It feels overwhelming to her when she lists it out. She’s a single mom with four kids — a 6-year-old, a 2-year-old and 3-year-old twins. Three have asthma and she has chronic bronchitis, so the virus has threatened them all year.
Work, when she had it, was no escape. The people she cared for in the nursing home were the most vulnerable. It was difficult, she said, to go to work and watch people die.
The virus also closed the day cares where she sent her children, and work soon became untenable. She left her job. It wasn’t even a decision, really. What decision do you have when you don’t have anyone to watch your kids? When you don’t have nearby family? When you don’t get child support?
Brandy Nichols, 25, “probably wouldn’t have been able to have made it this far,” she said, without help. The government aid programs available to her — food stamps and Section 8 housing — alleviated her problems somewhat, but her biggest problem was income. Even when she had it, it wasn’t enough.
Then in early 2020, Nichols was chosen to participate in one of the country’s guaranteed income pilot programs. The idea is simple: small monthly payments to low-income people, no questions asked. Nichols got access to it at just the right time, when the worst economic nosedive in generations thrust millions of workers — most of them women of color — into unemployment early last year.
Now, the pandemic has accelerated interest in federal guaranteed income programs. Over the summer, a coalition of 42 mayors from places like Atlanta, Pittsburgh, Philadelphia, Los Angeles and New Orleans convened to advocate for pilot programs in their cities. Several other cities — including Compton and Stockton, California, and Jackson, Mississippi, where Nichols lives — have already launched programs. On the funding side, major philanthropists have invested heavily. The Economic Security Project — co-chaired by Facebook co-founder Chris Hughes — has committed more than $10 million in grants to places that set up pilots. In December, Twitter CEO Jack Dorsey committed $15 million to the organization Mayors for a Guaranteed Income.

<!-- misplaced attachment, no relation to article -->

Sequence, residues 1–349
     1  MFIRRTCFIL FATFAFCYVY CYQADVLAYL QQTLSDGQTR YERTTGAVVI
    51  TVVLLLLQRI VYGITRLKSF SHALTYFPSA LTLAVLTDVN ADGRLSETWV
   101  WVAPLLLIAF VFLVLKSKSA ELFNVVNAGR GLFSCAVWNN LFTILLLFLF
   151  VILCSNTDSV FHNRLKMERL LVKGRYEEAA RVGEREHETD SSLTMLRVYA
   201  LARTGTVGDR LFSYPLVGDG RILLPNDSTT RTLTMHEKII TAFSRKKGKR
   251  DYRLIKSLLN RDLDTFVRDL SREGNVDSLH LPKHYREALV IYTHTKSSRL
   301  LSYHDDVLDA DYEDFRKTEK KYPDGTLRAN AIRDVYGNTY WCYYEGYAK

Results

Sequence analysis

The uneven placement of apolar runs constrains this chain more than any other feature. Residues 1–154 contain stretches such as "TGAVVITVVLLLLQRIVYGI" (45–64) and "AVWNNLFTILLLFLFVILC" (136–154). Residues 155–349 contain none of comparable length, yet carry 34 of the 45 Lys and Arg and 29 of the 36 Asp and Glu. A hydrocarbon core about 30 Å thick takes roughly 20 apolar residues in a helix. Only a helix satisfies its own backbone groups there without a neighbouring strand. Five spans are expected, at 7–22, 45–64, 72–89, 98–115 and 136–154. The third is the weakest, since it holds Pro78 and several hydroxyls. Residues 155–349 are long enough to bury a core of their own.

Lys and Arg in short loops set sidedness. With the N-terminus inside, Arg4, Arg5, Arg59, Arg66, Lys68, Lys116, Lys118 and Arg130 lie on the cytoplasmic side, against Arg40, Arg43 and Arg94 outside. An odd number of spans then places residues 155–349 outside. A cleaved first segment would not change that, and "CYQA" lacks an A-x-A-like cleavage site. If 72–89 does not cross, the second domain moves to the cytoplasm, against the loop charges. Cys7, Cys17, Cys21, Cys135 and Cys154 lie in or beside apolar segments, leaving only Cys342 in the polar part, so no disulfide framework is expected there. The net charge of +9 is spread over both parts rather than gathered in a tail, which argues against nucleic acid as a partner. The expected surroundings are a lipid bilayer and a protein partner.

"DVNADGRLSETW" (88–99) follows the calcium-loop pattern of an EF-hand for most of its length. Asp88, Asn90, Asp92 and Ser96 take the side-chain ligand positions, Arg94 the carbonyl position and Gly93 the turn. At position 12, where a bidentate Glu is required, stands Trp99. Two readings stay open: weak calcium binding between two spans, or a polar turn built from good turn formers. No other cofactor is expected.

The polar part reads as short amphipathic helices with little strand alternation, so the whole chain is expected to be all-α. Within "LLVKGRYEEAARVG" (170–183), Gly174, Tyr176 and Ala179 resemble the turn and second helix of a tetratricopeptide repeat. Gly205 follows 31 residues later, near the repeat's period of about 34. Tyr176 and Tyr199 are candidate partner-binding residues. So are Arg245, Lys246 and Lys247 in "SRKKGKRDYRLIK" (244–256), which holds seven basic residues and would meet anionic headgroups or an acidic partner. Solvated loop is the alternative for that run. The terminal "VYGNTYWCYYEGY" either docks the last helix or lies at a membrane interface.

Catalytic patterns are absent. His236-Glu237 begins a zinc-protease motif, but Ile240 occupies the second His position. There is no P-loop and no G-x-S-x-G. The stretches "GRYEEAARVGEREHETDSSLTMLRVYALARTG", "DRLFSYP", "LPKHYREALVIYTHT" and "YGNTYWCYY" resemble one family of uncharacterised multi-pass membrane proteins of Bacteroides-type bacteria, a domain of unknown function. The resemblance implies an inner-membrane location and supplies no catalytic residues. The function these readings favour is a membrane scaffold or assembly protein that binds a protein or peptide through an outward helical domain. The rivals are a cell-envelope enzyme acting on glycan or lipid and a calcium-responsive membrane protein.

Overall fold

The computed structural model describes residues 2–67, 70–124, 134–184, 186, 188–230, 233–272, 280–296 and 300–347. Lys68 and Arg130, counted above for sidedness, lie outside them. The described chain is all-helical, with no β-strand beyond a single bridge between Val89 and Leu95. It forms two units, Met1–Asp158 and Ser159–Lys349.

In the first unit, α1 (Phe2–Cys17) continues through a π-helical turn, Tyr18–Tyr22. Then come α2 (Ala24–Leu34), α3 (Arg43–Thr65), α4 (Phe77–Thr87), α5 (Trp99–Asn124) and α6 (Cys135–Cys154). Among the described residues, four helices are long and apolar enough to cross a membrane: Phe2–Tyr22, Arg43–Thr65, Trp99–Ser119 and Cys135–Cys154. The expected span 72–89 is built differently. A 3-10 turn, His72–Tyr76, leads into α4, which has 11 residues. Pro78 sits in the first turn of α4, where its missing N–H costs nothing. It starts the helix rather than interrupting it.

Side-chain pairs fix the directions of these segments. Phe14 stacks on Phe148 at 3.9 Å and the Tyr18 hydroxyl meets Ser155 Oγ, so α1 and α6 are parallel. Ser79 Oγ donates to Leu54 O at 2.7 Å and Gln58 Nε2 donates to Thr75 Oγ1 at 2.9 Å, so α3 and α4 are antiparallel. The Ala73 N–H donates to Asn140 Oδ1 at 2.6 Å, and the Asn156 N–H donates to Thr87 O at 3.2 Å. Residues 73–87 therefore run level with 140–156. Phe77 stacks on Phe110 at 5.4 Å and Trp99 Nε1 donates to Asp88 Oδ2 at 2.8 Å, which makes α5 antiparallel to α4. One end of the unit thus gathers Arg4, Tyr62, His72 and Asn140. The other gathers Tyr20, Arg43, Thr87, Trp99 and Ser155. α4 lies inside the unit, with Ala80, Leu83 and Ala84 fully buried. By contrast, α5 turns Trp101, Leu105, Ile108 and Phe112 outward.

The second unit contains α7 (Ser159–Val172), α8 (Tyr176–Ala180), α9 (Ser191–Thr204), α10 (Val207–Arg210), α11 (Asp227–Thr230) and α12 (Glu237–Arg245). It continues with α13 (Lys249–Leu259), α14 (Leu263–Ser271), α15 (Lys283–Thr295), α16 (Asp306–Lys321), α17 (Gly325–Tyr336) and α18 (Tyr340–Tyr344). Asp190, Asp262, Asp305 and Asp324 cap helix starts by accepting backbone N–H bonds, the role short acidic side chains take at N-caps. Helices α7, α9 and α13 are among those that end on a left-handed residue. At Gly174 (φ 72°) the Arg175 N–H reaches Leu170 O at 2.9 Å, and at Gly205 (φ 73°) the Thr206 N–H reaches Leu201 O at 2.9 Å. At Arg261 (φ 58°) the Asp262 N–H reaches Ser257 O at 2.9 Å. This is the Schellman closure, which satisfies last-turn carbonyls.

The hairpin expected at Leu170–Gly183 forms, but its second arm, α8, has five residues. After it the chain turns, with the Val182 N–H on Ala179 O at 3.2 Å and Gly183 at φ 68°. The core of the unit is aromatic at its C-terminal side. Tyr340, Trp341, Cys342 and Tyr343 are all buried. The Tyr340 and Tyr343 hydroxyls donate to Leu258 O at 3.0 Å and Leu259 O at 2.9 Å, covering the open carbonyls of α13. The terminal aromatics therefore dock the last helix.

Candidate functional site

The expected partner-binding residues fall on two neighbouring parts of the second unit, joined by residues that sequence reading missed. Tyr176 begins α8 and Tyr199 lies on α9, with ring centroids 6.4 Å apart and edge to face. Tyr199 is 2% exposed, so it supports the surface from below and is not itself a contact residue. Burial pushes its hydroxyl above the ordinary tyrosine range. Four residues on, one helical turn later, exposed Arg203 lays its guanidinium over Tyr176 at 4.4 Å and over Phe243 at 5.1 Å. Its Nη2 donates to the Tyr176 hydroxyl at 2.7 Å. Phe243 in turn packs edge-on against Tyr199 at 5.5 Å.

Americans may be more familiar with universal basic income, a model popularized by former presidential candidate Andrew Yang, who largely campaigned on a proposal to give $1,000 monthly checks to every American adult. But guaranteed income is more targeted. Most of the programs being tested offer small monthly payments, in the hundreds or up to $1,000, for a specific period of time. And who can access them is limited, with most programs aimed at lowest-income families. Oftentimes, that’s women.
About 56 percent of the people who live in poverty in the United States are women, and most of those are women of color. Of that group, unmarried women with children, like Nichols, are the most likely to be below the federal poverty line. For her family of five, that was $30,680 in 2020.